As the world population continues to grow and become increasingly connected, more attention is being focused on the disparity in living conditions across the globe. The further technology advances, the harder it is to believe that people in many parts of the world still struggle with attaining basic human necessities such as access to clean water and sustainable nutrition, and yet these issues remain unresolved. Addressing these problems will require collaboration from the global community, and I believe that hydroponics has the potential to be at least one part of the solution. Let’s look at the reasons why hydroponic gardening is superior to traditional agricultural methods.
- Hydroponics requires less space than traditional gardens when taking advantage of vertical space by stacking growing systems on top of each other.
- By tweaking the environment and nutrients given to the plants in real-time, hydroponics can speed up the process of growing plants by as much as 50% .
- Because the system is closed-loop, hydroponics can also use up to 90% less water than traditional farming methods .
- Plants can be grown year-round, increasing space utilization in the winter months.
- The absence of dirt means produce is cleaner, and the clean environment means less bugs to damage the crop and no weeds to worry about.
- With greater control over the nutrients being fed to the plants, they can be grown to contain more vitamins and minerals as well as improved taste.
The biggest downside to hydroponic gardening is the cost and complexity of the system required to support it – and that’s where HydroBot comes in.
The HydroBot Vision
HydroBot looks to solve the problem of controlling a complex hydroponic system through automation, simple interfaces, and flexible design. Automation will be accomplished through the use of an embedded computer that will handle all the feedback control loops and scheduled tasks. The embedded computer will communicate with a server to provide data logging and an easily accessible remote interface. The server will also host a webpage with data graphs and user controls, and have to ability to send out critical system alerts. To make the system flexible, a modular architecture will be used for all functions that interact with the physical world, such as sensors and actuators. Each function will have a corresponding module to carry out that specific task and report back to the embedded computer, which will act as a central hub for these modules. A multi-drop communication network will be used to connect the modules to each other and to the central hub. A block diagram of this system architecture can be found below.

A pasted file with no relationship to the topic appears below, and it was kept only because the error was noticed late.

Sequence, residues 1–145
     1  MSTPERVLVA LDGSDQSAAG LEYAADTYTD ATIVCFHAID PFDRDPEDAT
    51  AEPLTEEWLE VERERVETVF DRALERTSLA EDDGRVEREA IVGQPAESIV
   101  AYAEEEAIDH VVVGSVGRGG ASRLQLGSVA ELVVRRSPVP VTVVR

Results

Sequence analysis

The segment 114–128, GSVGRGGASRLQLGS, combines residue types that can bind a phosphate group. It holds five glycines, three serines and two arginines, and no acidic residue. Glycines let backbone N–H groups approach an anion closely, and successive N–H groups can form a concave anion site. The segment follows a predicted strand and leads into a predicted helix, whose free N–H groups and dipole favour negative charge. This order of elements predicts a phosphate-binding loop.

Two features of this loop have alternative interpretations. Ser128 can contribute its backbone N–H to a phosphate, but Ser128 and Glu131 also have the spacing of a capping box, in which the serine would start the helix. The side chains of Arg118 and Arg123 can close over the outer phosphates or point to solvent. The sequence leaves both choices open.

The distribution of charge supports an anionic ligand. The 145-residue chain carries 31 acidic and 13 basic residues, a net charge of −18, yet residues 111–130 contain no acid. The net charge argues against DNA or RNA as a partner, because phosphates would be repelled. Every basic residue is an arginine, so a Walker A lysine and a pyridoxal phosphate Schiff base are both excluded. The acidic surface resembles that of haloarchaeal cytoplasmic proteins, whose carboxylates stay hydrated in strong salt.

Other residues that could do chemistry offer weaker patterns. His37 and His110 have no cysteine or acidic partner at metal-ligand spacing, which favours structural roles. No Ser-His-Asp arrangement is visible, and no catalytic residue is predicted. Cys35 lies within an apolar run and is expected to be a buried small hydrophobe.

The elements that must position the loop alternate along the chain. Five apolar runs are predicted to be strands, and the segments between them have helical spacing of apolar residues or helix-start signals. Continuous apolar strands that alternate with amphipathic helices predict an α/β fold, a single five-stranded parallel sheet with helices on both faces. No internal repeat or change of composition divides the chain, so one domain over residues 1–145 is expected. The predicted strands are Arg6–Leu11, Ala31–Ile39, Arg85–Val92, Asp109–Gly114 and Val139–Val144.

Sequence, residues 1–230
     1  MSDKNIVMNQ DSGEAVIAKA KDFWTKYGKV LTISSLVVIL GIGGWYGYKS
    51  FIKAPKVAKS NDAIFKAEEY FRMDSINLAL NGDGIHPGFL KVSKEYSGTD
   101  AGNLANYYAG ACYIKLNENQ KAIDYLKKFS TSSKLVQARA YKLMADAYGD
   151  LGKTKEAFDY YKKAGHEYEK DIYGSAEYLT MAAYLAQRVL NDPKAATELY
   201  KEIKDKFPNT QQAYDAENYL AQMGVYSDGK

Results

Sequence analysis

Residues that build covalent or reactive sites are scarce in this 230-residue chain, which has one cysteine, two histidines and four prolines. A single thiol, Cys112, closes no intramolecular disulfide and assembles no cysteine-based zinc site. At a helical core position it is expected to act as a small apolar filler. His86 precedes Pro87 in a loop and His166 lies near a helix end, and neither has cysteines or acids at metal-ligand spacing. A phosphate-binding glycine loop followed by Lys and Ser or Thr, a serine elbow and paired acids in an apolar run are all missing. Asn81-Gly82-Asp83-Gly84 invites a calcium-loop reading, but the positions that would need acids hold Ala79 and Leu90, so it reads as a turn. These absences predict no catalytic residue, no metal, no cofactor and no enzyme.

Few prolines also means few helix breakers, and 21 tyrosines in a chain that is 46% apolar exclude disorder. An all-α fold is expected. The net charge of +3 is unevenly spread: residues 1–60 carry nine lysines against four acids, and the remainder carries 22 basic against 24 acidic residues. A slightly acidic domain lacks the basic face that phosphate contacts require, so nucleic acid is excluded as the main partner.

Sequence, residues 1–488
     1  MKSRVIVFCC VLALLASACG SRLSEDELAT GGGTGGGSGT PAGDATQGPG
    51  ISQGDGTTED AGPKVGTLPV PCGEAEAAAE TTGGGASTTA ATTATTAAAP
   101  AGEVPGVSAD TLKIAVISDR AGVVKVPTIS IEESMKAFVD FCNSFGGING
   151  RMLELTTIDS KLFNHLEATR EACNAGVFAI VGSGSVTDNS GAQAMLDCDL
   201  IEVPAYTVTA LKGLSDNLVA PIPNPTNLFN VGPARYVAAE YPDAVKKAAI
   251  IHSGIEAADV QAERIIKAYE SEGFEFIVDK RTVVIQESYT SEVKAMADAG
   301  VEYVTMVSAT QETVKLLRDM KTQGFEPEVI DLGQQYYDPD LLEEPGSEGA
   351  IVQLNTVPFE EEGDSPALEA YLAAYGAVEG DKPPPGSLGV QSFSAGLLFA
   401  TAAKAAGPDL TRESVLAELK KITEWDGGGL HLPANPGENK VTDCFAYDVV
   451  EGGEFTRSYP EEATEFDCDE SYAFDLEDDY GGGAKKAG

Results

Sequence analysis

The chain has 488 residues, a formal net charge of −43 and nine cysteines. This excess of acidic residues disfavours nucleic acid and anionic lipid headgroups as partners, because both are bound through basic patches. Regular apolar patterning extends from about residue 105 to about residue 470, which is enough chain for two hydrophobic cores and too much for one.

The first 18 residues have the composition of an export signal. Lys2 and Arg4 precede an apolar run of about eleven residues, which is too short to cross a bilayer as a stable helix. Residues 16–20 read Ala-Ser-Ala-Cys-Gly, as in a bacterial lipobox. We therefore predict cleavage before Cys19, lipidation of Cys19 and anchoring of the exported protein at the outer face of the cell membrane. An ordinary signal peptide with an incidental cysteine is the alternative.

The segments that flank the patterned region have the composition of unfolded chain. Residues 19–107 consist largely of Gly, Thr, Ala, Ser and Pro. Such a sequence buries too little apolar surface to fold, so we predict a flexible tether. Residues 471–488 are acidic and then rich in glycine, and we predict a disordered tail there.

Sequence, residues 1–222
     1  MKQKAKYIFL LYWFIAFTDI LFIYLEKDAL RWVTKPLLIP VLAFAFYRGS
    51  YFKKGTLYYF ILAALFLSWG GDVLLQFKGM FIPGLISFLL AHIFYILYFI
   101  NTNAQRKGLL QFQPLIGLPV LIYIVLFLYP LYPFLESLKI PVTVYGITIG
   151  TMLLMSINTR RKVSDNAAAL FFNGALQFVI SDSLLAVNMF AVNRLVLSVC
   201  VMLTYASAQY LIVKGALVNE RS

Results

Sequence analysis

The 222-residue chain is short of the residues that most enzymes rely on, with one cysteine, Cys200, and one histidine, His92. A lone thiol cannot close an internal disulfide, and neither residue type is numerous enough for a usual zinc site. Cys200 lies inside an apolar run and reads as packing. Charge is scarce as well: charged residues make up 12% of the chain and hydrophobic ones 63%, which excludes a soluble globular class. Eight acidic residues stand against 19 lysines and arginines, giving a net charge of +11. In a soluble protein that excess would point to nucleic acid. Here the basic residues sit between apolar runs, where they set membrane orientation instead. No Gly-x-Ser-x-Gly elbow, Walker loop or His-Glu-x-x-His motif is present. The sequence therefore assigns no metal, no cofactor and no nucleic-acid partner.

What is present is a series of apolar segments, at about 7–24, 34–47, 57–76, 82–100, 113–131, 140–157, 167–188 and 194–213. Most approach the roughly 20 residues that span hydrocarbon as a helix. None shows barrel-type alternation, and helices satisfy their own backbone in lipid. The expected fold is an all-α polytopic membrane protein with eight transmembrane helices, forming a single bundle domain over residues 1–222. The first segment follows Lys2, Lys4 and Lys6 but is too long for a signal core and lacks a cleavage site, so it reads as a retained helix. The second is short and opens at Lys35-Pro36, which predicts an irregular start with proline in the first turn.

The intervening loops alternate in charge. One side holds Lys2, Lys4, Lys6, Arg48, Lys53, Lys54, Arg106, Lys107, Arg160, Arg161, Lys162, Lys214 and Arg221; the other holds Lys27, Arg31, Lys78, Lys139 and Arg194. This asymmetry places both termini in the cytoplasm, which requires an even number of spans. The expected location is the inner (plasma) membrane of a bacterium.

Although each module will be developed separately as the need arises, there are some high level system design decisions that will dictate the requirements for the modules. CAN has been chosen as the primary communication network for HydroBot, because it meets the multi-drop requirement, works well over relatively long distances, is very robust to environmental noise, handles errors gracefully, and has built-in arbitration and message priority. Support for additional communication protocols may be added in the future as needed – for instance, if an application requires wireless communication. To make the system as flexible as possible in a variety of applications, both 12V and 24V power will be supported. Modules will also be daisy-chain-able and allow up to 1A of pass-through current. To keep connectors consistent, JST ZH series has been chosen for module connections when possible. To keep a consistent code base and shared libraries across modules, STM32 microcontrollers will be used as the standard for module processing.
Several key modules have been identified to fulfill the basic functions required in most hydroponic systems:
- Environmental sensor to monitor air temperature, humidity, and pressure
- Water reservoir sensor to monitor water level and temperature